“Gaps” or “holes” in a resume are popular terms used by law firms and other employers to describe an employment record that is not entirely smooth and uniform. That is, there are unexplained “gaps” in the chronological dates of employment set form in the resume that suggest periods of unemployment or underemployment (such as less prestigious employment outside of the law profession). Gaps are another form of “red flag” to law firms. Candidates with red flags – especially multiple ones – typically do not get hired.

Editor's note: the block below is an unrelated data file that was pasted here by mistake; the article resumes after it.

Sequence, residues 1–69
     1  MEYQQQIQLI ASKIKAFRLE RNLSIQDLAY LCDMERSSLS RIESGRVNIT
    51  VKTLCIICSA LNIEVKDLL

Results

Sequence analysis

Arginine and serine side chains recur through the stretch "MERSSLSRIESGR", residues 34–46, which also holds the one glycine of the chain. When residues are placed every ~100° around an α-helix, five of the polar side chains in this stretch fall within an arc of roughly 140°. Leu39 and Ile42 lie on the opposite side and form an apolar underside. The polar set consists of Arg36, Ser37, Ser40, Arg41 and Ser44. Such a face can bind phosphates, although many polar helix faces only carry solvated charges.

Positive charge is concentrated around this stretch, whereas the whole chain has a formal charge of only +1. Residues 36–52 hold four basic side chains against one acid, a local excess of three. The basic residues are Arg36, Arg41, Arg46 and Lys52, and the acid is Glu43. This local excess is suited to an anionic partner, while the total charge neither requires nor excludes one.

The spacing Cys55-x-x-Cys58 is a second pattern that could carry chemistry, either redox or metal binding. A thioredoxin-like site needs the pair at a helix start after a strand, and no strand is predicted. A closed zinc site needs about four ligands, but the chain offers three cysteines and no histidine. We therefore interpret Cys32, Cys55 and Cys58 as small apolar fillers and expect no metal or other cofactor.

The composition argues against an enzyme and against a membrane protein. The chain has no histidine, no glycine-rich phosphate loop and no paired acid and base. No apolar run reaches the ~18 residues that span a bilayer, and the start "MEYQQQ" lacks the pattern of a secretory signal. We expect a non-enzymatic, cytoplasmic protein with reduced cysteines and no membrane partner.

In my prior article, I discussed “hopping,” which is another common red flag. Hopping describes attorney candidates who have worked at a relatively large number of firms in a relatively short period of time. The two types of red flags are similar because law firms usually make negative assumptions – often unfounded – about the candidate. In the case of hopping, the popular assumptions are that they are either always unhappy wherever they go, or that they always create problems causing their firms to push them out. Similarly, the common assumptions with “gappers” is that when they lose a job, it must have been their fault (because they are either a poor worker or a problem worker); that when it takes them a while to find another job, it again must be entirely their own fault (ditto); and that any other gap can only be explained by something bad (they were in jail, goofing off, etc.). Of course, while there are undoubtedly some instances where these assumptions may be true, there are many other instances where they are not. Yet the innocent often get lumped in with the guilty, and otherwise great candidates lose their ability to even be seriously considered.